How To Keep Financial Stress From Turning Into Financial Anxiety
Money can't buy happiness, but it sure can buy peace of mind.
When the American Psychological Association conducts its annual survey on the most common stressors in the United States, finances consistently rank toward the top, and a recent study on 1,000 American adults found that 85 percent of them feel stressed about money sometimes. Thirty percent of them are stressed about their bank accounts consistently. We worry about money so much that it starts to just feel like a necessary and defining part of adulthood—and that's a problem. Financial stress is far from benign, and if left unchecked it can fester into a threat to our health.
The difference between financial stress and financial anxiety.
"It's important to differentiate financial anxiety from financial stress. They're so closely related, but stress is more focused," says Megan McCoy, a financial therapist.
She explains that financial stress is pegged to one specific thing, such as a credit card bill that just came in. "Anxiety is stress on steroids," she continues. "It becomes so generalized when you feel so sick and worried for no specific reason—it becomes a lack of mindfulness."
This is the kind of money response that can become debilitating. According to a report from Will Towers Watson, a major insurance company, 34 percent of people polled said that financial concerns were negatively affecting their lives.
Anxiety of any kind is bad for the body, capable of doing everything from raising our cortisol levels and putting a wedge in our relationships to leading to panic attacks and dizzy spells. It's uncomfortable and impossible to rationalize. "There's a reason it started, but it spiraled out of control, and now there's not a reason—there's just a feeling."
How can you keep stress from becoming anxiety?
When McCoy meets with a client who has this kind of constant and convoluted reaction to money, the first thing she does is ask them to name what exactly it is they're worried about. Trying to put your concerns into words can help you start to get over them, she explains: "I think money anxiety is something that festers in your brain when it's left alone. It needs to be let out and talked about."
It matters less who you're talking to and more that you're talking. This is especially true if you're in a relationship since she says that money often drives a silent wedge between couples that can disappear once people get honest—no matter how uncomfortable the conversation might be.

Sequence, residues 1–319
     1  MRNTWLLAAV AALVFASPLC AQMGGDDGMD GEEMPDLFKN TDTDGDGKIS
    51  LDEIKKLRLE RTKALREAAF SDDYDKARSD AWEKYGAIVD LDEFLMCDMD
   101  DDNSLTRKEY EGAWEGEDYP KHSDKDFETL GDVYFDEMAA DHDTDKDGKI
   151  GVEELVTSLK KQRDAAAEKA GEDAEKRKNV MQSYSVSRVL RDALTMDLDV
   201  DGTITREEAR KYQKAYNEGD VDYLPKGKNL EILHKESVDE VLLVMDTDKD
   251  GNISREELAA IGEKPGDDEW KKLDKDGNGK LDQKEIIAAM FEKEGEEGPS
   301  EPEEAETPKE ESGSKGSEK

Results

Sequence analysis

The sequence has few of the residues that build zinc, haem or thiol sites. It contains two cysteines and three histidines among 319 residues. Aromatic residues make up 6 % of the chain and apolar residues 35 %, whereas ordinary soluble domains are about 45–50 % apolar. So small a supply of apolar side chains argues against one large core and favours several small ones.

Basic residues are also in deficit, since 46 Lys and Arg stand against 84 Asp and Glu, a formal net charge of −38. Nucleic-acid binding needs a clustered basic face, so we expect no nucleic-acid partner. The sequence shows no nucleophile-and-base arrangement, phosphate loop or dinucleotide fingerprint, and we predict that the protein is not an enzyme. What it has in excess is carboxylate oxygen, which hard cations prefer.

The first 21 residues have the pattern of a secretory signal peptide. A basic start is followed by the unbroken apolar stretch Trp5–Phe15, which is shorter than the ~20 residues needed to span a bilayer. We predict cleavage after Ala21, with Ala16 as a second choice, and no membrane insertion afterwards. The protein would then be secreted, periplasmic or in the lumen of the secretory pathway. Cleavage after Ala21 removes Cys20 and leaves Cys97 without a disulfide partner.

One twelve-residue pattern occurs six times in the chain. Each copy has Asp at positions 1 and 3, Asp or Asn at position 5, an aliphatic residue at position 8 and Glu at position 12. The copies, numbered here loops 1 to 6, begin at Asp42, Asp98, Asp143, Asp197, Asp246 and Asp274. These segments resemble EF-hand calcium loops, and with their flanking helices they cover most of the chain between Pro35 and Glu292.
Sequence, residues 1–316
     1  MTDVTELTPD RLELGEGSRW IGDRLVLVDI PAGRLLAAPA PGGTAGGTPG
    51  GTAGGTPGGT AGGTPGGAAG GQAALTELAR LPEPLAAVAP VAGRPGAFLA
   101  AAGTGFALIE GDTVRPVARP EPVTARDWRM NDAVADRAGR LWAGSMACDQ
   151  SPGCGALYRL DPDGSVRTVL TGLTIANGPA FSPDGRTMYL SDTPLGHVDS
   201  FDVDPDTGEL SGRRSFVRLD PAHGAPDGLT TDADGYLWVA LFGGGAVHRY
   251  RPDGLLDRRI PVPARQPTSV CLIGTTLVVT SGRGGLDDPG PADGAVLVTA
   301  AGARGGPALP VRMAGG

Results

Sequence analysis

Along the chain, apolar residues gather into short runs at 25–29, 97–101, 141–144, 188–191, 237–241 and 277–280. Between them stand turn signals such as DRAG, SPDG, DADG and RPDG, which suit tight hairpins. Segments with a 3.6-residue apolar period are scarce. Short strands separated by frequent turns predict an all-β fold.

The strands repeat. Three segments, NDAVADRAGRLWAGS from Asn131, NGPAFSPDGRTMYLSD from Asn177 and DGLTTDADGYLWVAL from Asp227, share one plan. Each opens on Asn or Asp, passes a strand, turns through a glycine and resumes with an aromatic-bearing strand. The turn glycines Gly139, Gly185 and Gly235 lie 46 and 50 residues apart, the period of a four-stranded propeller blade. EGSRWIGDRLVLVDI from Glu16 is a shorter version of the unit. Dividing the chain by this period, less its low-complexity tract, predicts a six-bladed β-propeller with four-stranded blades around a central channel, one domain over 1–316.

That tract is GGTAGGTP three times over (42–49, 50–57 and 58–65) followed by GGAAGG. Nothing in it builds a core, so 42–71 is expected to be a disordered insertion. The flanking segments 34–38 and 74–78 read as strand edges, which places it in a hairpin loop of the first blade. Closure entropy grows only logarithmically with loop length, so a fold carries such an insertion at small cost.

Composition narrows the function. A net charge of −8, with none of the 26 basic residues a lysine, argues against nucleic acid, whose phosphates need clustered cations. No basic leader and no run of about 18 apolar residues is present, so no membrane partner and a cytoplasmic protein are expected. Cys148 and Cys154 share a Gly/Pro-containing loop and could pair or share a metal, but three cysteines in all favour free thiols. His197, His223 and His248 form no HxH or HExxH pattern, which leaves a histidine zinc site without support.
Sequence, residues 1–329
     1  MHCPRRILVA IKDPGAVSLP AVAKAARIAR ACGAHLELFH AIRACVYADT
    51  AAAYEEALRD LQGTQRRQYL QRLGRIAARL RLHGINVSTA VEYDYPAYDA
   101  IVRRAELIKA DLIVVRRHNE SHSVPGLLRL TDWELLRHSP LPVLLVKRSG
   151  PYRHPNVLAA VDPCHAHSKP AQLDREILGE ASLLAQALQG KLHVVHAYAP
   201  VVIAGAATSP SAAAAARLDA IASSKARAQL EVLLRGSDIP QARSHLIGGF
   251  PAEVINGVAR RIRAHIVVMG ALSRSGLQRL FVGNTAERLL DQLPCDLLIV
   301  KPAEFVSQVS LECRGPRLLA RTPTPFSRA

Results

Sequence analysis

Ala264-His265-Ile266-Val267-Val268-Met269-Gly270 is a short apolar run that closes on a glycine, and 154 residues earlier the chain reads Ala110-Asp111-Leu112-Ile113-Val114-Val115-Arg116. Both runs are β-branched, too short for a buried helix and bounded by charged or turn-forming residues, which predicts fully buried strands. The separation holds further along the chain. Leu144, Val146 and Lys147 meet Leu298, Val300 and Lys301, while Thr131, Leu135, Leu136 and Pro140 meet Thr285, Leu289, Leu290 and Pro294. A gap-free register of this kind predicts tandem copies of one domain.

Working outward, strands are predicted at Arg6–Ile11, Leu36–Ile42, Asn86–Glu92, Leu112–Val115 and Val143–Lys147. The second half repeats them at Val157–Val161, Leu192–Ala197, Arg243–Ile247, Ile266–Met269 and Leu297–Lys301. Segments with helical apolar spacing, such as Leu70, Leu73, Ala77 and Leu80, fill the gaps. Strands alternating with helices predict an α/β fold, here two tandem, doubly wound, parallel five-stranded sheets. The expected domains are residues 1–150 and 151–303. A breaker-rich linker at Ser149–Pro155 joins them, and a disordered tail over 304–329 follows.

Once you nail down the tangible "worst-case scenario" you are worried about, you can start to take baby steps to prevent it. If you're worried you won't be able to pay an unexpected bill, start a new routine of putting a certain amount of your paycheck every month into an emergency fund. If your bank account keeps disappearing before your eyes, take an hour to print out your bank statements and highlight the payments you could have lived without.
"A lot of anxiety is a sense of powerlessness and not having control. So even if your financial situation isn't perfect, if you have a plan, all of a sudden you have control over your financial situation and you'll feel happier," McCoy explains.
She's seen people have success with budgeting apps like Mint, but you should be careful with those if you're prone to anxiety since they can trigger you to compulsively check in. If you find yourself obsessively opening the money management app on your phone, consider getting rid of it and just checking in online on set days of the month.
By talking it out, creating a plan, and monitoring your inner dialogue around money, you can stop financial stress in its tracks and save yourself a lot of headaches.
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